Turnley, whose photographs offer a different perspective outside the confines of being embedded in a military unit, says there were some difficulties that he encountered as a unilateral. “I have the impression since returning from Iraq, that much of the public is not aware that officially, it was very difficult for unilateral journalists to work in Iraq. The military, both British and U.S. military officials and the Kuwaiti officials did not officially allow journalists carrying unilateral accreditation to cross the border from Kuwait to Iraq freely. It was more or less the official military position of the coalition forces that unilateral journalists did not have a place covering this most recent war in Iraq. I feel strongly that the unilateral coverage of this war and all future wars is essential for the public to have the full picture of what transpires in conflict.”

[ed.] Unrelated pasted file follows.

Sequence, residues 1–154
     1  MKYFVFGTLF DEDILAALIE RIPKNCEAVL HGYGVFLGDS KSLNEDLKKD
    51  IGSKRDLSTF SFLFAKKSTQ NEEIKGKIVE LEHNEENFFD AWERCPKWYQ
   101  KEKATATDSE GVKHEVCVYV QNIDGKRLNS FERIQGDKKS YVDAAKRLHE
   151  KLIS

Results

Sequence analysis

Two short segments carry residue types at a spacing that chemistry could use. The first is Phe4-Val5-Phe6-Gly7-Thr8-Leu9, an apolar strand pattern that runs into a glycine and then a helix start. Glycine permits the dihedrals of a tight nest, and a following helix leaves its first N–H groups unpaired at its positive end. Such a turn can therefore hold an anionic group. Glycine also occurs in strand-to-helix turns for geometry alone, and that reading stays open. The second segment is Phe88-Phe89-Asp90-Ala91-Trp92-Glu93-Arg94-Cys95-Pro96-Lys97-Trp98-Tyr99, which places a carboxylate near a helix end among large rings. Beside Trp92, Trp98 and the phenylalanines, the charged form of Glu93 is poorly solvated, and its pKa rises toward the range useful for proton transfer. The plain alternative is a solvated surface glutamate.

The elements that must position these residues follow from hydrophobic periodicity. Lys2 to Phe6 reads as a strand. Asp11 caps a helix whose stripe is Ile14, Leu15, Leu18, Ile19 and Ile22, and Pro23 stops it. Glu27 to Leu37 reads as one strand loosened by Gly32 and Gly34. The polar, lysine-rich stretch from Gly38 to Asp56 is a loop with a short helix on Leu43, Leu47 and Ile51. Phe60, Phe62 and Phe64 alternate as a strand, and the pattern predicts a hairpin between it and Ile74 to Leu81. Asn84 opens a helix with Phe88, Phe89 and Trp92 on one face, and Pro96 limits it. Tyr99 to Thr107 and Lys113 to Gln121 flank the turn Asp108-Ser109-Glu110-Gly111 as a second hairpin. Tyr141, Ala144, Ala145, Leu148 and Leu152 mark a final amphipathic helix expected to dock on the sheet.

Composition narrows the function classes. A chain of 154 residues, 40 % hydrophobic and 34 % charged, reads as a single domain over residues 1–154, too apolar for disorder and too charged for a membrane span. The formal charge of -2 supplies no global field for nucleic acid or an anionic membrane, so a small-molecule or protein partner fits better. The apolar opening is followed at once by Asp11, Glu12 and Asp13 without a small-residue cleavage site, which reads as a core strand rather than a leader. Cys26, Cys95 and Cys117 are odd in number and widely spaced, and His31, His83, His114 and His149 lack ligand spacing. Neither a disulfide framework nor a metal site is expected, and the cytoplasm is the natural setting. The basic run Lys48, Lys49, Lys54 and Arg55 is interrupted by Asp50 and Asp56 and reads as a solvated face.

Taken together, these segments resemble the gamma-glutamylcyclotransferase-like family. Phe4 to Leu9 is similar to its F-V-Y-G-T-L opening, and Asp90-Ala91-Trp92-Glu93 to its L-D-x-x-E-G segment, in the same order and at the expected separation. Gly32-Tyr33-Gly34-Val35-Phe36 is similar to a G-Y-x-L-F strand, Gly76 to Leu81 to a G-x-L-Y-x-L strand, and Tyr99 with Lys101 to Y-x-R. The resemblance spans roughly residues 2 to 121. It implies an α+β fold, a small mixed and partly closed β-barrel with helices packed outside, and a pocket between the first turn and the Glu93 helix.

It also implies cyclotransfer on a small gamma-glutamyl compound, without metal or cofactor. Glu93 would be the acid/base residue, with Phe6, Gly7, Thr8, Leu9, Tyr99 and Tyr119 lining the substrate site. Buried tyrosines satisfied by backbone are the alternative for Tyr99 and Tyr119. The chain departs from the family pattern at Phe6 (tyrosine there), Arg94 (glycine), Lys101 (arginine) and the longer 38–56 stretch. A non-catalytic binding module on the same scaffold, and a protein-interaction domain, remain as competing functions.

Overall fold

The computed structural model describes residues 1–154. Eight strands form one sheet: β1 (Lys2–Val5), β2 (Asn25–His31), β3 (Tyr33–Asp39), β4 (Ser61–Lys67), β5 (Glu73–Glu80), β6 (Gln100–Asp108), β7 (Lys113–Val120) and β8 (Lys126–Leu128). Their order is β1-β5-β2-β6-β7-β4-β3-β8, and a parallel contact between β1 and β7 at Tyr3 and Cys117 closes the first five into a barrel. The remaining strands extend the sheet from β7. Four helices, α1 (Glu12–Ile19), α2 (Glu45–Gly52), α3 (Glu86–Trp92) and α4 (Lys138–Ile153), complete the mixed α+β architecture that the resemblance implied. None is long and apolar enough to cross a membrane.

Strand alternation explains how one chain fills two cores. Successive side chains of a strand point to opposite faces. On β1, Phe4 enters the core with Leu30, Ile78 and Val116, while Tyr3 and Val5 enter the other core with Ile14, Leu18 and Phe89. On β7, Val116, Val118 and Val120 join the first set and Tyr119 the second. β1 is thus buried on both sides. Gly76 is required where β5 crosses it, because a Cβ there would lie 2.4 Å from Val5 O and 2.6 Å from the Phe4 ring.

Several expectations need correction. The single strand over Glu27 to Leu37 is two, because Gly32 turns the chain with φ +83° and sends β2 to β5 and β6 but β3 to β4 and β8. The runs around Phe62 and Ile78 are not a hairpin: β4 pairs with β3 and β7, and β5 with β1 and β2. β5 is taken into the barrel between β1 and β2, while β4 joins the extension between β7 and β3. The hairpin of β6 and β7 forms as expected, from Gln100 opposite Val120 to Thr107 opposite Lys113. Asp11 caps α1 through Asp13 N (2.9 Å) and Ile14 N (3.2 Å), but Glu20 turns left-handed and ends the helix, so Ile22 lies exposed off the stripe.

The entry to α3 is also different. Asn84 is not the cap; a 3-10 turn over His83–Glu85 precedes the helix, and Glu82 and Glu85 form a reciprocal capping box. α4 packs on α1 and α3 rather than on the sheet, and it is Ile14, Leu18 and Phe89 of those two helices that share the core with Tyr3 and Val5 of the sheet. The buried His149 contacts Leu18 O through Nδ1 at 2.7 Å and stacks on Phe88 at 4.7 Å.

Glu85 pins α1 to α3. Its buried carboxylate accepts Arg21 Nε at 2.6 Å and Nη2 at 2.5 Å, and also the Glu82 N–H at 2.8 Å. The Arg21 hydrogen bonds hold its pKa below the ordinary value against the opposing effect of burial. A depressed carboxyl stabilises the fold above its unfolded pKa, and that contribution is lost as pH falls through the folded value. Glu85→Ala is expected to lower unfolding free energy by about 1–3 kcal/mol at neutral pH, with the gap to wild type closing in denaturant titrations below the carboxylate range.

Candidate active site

Given Americans’ concern for human life, and the military’s determination to avoid unnecessary loss of life and collateral damage, it will be interesting to observe whether the Pentagon will incorporate this thinking into their after-action review and lessons learned, and will make provisions – or allowances, for journalists wishing to work independently of the military in the future.

For now, perhaps one of the greatest benefits of the embedding program has been an altered perception of the media by many in the Pentagon. “Although I’ve always viewed the media as hard-working,” said Whitman, “it gave many military members and commanders newfound respect for their dedication and willingness to assume risks and put their lives on the line.”

© 2003 Susan B. Markisz
Contributing Writer


Write a Letter to the Editor
Join our Mailing List
© The Digital Journalist